Theoretical discussion

  • An overview concerning programming and planning in relation to falls prevention
  • Getting the target group(s) involved – teaching, communicating, relating and supporting

Practical application

Provide a variety of graded activities, routines and use of equipment. Examples

  • Basic foundations – individual, pair and group work, grading
  • Variety – use of simple equipment; recreation; types of activities
E. Exercise to prevent falls – using strength and balance training to prevent falls and improve quality of life


Prof Andrew Hills, Associate Dean at University of Tasmania

Jennie Hewitt, Physiotherpaist, Positive Living Coordinator, Feros Care, Coolangatta, QLD

Craig Wilson, Allied Health Team Leader / Physiotherapist, Churches of Christ Care, Buckingham Gardens Aged Care Service, Alexandra Hills, QLD

Workshop overview:

“Active Ageing” and “Exercise is Medicine” are concepts that aim to provide all with a long life of active, independent quality living. The evidence is clear; From cognitive function to falls prevention, physical exercise and resistance training can aid in slowing down the ageing process.

With wellness and health centres now available in a variety of aged care settings – nursing homes, day therapy centres and retirement villages, people with a wide range of abilities can benefit from the active ageing exercise concepts. However, the processes of setting up and running a successful program require knowledge and collaboration from all parts of the care chain: Managers with vision, wellness directors with knowledge, clinicians with skills and all with a passion, mission and belief.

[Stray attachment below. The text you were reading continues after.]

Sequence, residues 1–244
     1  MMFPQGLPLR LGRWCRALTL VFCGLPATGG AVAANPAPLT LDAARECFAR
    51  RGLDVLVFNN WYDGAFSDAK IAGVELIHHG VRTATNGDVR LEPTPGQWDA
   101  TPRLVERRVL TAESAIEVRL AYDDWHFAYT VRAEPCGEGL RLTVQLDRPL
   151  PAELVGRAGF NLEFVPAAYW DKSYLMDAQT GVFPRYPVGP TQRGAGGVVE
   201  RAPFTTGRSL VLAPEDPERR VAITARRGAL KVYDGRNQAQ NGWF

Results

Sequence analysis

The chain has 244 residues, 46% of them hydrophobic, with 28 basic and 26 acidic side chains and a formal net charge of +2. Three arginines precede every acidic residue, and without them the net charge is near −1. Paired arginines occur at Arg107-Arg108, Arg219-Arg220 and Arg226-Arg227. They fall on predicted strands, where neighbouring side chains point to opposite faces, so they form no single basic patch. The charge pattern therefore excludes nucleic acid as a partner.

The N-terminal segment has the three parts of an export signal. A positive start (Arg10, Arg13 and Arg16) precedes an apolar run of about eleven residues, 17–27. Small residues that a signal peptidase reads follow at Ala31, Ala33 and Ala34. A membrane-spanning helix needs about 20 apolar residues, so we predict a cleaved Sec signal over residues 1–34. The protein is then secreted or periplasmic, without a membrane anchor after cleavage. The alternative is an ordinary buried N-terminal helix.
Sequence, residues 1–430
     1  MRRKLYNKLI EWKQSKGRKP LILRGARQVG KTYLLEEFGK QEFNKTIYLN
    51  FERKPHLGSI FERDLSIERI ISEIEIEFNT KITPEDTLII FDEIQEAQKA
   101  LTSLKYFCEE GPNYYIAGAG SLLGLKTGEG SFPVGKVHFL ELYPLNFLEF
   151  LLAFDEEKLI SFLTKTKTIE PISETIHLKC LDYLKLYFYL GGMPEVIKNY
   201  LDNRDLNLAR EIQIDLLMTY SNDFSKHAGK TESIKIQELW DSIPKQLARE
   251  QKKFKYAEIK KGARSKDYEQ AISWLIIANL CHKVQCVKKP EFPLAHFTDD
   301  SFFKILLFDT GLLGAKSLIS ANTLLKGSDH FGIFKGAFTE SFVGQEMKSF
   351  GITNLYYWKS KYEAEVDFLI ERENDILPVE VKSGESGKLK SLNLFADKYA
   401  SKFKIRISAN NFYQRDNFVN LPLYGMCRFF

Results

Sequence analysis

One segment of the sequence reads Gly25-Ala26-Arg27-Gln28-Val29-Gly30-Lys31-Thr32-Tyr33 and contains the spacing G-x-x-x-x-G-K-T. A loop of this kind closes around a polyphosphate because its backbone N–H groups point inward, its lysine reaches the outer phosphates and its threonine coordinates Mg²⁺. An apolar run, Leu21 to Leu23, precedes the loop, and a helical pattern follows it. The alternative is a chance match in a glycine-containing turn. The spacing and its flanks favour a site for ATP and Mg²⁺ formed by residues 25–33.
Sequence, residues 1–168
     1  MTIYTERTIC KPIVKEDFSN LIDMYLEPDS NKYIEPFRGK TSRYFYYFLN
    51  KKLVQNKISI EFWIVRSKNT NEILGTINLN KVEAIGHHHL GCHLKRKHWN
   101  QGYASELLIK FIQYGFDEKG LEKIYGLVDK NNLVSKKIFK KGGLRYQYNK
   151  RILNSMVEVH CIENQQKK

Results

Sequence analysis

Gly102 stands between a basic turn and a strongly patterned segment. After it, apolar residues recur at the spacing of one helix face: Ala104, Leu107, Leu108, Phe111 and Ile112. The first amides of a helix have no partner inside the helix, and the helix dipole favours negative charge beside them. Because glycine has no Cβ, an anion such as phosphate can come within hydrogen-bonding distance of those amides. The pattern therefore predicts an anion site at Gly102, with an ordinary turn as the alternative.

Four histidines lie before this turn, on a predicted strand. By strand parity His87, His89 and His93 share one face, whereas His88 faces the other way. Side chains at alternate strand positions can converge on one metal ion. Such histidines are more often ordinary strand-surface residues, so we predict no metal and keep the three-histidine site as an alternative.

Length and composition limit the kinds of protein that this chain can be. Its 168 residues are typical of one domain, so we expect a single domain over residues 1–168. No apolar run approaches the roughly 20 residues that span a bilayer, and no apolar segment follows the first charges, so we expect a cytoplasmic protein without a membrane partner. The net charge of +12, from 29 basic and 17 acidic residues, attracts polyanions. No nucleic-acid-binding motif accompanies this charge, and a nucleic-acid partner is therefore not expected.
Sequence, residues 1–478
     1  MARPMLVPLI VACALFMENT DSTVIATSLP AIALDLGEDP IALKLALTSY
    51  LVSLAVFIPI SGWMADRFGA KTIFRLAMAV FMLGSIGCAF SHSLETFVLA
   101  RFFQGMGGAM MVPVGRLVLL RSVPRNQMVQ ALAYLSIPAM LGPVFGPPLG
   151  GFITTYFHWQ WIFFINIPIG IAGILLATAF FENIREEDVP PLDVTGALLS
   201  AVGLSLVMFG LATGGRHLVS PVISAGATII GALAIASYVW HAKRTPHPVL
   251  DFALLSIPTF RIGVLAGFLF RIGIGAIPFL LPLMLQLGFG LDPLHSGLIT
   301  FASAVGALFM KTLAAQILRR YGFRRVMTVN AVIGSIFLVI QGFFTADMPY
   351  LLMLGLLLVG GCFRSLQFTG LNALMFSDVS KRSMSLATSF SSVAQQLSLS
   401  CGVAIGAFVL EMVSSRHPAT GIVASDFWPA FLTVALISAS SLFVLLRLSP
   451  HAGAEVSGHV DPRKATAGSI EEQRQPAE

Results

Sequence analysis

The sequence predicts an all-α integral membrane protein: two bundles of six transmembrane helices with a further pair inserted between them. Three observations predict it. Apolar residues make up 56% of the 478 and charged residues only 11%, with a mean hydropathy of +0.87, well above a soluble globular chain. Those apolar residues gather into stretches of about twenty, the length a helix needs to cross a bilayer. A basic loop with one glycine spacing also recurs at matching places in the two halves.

Recent exercise intervention studies (Hetherington et al. 2018, Hewitt et al. 2018, Hewitt et al. 2014, Keogh et al. 2016) have used exercise protocols of balance and resistance training. The targeted, individual exercise programs included 200+ individuals in community and residential care settings and used clinical tests for outcome measures. The results are clear on the increase of strength and the reduction of falls, but also show that targeted exercise interventions reduce frailty and improve physical performance therefore also improving balance confidence.

These intervention studies defined and investigated targeted exercise protocols and therefore directly relate to clinical practice delivery. In this workshop the protocols of these studies are being translated to practice by the authors.

Workshop aim:

To present the current evidence-based exercise protocols of strength and balance training for older ages. The workshop will cover the protocols of two published studies (MUAD and SUNBEAM) and will go through the exercises used as presented in the studies. The workshop will also discuss the evidence of exercise principles to gain maximum effect in different population groups.

This workshop will showcase evidence from experienced researchers, but also have significant practical implications and highlight the multiple interacting and complicated factors that determine program success such as mission statement, funding model, centre setting and environment. The presenters will address barriers on exercise participation, will discuss how to set a successful program, how to run high level balance classes in a vulnerable setting and also extensively discuss ideas to maintain interest and attendance of exercise interventions.

The presenters of this workshop are experienced clinicians and researchers in active aging with background in community and residential care. They will share their knowledge in a multiformat workshop consisting of lectures, client stories, clinical workshops and brainstorming.

Target audience:

All allied health staff, care managers and management decision makers.

Key Dates

Program: Available August 2018
'Early' Registration Deadline:
Friday 14th September
Accommodation Booking Deadline:
Friday 12th October